When I picked up Gustave Flaubert’s, Madame Bovary, I was merely looking for a book to fulfill the needs of the lazy, summertime reader, and hopefully, bask in the elegant refinement of Old World Literature, so very much lacking in the majority of fiction written for today’s generation. The book holds a thoroughly sound reputation, so I felt quite confident in my decision to read it, but what I didn’t realize was that what I held in my hands was a reflection of humanity.
‘Madame Bovary is a brilliant book, the greatest portrait ever written of a woman’s soul in a revolt against convention society.’ That is what the back of the book reads, and with such promises hanging in the air, there was a lot at stake. Skeptical though I was about a man’s ability to paint the portrait of a woman’s soul- he was, after all, no Jane Austen- upon reading the first few chapters, I knew there was something remarkable about this book, and the man writing it. How clearly he could define the psyche of a hysterical female; how well he could explain the woes of humanity. The main character, Emma, is not meant to be liked (or disliked, for that matter), none of the characters are, and it is incredibly hard to pity any of them. The characters are not of amiable qualities; no one plays the hero and in the end, everyone gets what they deserve…. and life goes on. But we can relate to certain aspects in all of these characters, or at least, we can relate someone we know to them, which can be quite an upsetting concept. I found myself questioning the good in humanity; if, by nature, human beings are selfish, terribly complacent, or merely unobservant due to contentment and lack of will?
The true success of this book comes from Flaubert’s ability to combine realism and emotional subjectivity. The writing is strictly detail oriented; Flaubert paints the most realistic settings. If Emma is sitting in her bedroom, then everything in that room is described, down to the granulates of dust on the lampshade. Detailed though the writing is, it still retains a subjective tone. I always felt Emma’s emotions, perhaps a little too strongly at times, but is that not the mark of a good writer? The main theme of the book is that of greed. Emma acquires the finest material objects, despite being penniless, and goes into severe debt; she has affairs with the most beautiful of men, all to satisfy an emptiness within herself. Yet, she finds herself, time and time again, wishing to turn back the clock so that she may return to her days in the Convent- back to purity, back to hope. Throughout the book, Flaubert denies Emma longevity of her petty objects and never fully allows her to escape from the physical world of reality, to live in the fantasy world of her own creation. In the end, he takes everything from her. When the veils disintegrate, she realizes that her [perceived] love had been nothing more than a fallacious reality. Emma is trapped in a life, and with a love, that disgusts her, and because Flaubert does not allow his readers any relief from the ghastly musings of Emma’s mind, I could not avoid seeing how Emma perceived the world; I truly did feel her vexation and restlessness, and could understand how these severe emotions led to neurosis.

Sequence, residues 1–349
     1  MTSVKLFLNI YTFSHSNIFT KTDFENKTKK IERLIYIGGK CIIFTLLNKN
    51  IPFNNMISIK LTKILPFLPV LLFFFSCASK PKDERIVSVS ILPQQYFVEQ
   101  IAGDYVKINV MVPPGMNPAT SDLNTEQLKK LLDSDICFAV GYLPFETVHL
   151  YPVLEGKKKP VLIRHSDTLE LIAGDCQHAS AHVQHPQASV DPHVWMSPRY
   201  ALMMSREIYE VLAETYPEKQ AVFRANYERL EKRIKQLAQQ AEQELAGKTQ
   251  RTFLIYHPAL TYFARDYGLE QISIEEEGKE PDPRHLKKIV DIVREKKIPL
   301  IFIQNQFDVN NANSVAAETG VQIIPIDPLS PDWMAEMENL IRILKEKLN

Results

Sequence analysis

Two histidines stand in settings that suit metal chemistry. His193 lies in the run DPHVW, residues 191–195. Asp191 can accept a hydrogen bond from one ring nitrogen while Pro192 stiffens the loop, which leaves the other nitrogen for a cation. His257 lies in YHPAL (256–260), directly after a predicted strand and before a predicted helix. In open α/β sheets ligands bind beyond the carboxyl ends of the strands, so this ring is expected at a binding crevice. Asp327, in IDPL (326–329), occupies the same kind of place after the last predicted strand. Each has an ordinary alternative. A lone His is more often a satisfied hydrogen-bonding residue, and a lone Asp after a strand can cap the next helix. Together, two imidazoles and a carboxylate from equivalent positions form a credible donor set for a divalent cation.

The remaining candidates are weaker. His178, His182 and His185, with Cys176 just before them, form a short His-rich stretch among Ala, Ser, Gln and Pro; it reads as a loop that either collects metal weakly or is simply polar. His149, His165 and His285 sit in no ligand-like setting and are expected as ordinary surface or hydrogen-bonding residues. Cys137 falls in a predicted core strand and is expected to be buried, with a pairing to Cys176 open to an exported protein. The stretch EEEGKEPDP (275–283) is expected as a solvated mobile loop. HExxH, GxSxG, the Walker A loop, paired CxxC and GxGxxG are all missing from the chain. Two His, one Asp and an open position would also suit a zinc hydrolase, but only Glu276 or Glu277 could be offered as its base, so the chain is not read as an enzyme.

This is a novel that helps the readers understand the human condition by bringing to light the horrendously ugly, unromantic life, of everyday people, and how completely stirring it can be when written about with such loving detail. Every word in Madame Bovary is chosen carefully, and there is an undeniably profound artistry poured into the content. Emma Bovary reflects the chaos of a woman’s mind. She represents the inner suffering of 19th-century women- rebelling against composure and contentment, daring not to be defined by the simple mindset of her husband, reckless enough to bare her heart for “true love.” In her efforts, she goes mad, becomes wicked, and terribly selfish; torn apart by rejection and unable to accept the cards dealt her in life. Though all of us would like to think ourselves stronger than this female protagonist, have none of us ever felt defeated by life? Stoned to death by lost love? Killed by the repetitive nature of endless days? “After the pain of this disappointment her heart once more stood empty, and the succession of identical days began again.”